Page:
As the world moves to remote work, the perimeter of security has drastically changed. More and more employees are relying on home networks or personal devices to connect to corporate resources. People are now accessing resources from any device and from anywhere outside of their corporate domain. This activity has given rise to the domainless enterprise—a central cloud directory service, which serves as the hub for securely connecting users and their devices to the IT resources they need to accomplish their jobs.
As we evolve how we work, we also need to change how we secure the IT environment. Zero Trust is the concept of “trust nothing, verify everything,” and it fundamentally shifts how security is implemented in an organization. With a Zero Trust model, access is granted when:
- The user is verified based on their identity.
- The device that they’re using is known to the organization and, thus, deemed safe and secure.
- The network they’re accessing resources from is known, and is verified as safe and secure.
The process of continuous verification can be complex and time-consuming.
Using Conditional Access to Enable Zero Trust
With the release of Conditional Access, JumpCloud customers now have an easier path to implement the core foundations of a Zero Trust model. By managing identities, networks, and devices all from a single cloud directory platform, JumpCloud empowers admins to verify three key access points: a user’s identity, the network they’re on, the device they’re using. By establishing trust of these key elements, IT admins can then establish flexible verification rules through JumpCloud’s new Conditional Access Policies:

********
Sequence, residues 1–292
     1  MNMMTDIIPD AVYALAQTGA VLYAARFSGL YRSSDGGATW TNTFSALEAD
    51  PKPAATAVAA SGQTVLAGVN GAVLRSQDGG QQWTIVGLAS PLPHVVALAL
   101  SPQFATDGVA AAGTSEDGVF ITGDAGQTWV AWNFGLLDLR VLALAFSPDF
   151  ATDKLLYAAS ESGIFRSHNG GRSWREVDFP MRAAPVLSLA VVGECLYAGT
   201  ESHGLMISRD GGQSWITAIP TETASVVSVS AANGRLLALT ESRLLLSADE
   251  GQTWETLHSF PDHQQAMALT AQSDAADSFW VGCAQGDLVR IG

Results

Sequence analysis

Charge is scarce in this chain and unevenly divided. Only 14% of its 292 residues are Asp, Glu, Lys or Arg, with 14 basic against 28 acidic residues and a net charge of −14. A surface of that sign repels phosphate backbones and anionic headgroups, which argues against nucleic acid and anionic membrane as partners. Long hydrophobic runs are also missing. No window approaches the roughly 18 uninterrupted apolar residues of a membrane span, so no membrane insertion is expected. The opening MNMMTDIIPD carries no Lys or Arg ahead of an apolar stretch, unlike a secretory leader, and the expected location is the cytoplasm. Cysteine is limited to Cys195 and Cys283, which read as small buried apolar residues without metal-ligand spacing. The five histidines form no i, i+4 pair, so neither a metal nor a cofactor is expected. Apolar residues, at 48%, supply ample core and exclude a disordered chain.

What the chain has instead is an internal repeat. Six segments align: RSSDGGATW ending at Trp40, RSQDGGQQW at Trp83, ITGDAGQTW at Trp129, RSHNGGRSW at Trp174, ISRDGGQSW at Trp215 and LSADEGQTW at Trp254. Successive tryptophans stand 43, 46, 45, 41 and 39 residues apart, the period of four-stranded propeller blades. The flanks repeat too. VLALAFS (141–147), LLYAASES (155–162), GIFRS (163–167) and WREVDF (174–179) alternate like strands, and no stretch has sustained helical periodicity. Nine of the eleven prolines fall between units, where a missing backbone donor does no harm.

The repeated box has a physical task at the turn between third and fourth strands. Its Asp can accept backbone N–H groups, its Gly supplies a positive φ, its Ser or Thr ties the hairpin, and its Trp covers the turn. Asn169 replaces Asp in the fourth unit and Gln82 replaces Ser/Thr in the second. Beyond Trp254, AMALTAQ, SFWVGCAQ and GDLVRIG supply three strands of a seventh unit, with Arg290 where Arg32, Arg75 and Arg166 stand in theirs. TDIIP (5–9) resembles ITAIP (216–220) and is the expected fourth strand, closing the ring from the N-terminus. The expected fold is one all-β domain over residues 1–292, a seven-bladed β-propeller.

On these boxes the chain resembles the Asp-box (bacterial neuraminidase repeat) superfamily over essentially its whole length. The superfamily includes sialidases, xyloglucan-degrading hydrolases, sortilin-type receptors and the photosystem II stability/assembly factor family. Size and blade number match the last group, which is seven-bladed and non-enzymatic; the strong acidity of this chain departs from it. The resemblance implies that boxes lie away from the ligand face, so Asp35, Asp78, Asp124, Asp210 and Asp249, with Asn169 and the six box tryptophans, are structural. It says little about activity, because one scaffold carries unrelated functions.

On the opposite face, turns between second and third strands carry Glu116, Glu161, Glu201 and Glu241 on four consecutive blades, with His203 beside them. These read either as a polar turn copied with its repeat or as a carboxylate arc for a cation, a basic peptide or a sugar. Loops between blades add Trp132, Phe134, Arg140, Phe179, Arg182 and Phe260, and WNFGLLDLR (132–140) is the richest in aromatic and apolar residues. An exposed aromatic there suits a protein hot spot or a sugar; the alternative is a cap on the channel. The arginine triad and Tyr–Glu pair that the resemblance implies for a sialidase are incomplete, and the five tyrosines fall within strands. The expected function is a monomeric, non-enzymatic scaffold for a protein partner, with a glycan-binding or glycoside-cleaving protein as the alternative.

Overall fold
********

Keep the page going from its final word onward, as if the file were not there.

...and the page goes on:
- Identity Trust: Verify users based on their identity, role, and group. Enforce or relax multi-factor authentication (MFA) requirements based on users’ group membership.
- Network Trust: Verify the authentication requests are from a secure location. Create IP Allow/Deny lists that dictate what networks users can access resources from.
- Device Trust: Verify users are accessing resources from secure devices. Combine JumpCloud’s device management with new certificate-based trust to restrict access to resources at the device level.
Conditional Access Policies enable IT admins to customize their approach to access and security by combining these steps into different policy levels.
How do I use Conditional Access Policies in my organization?
Conditional Access allows admins to combine individual policies into global access verification schemes for your organization or can be applied at a group level. Here are some of the use cases we’ve heard from our customers.
- Allow remote work, but require MFA when employees aren’t in the office.
- Require MFA for specific groups (i.e., contractors) accessing the organization’s applications.
- Prevent access coming from personal devices.
- Allow personal devices for specific user groups, but require each user to enter MFA.
- Disable prompts for MFA for my warehouse workers when they’re accessing applications from the internal network.
- Require all admins to enter MFA because they have higher privileges and can do the most harm.
- Allow CEO or other C-level executives to enter without MFA when coming from a trusted device.
How exactly is a device determined to be trusted?
At JumpCloud, a device is considered a user’s gateway to all access. To provide secure access through devices, admins install the JumpCloud agent on any devices that are required to be managed and controlled by the organization. Through the agent, admins can distribute security configurations (policies), manage user accounts and their credentials, and apply core security settings such as enabling full disk encryption and MFA.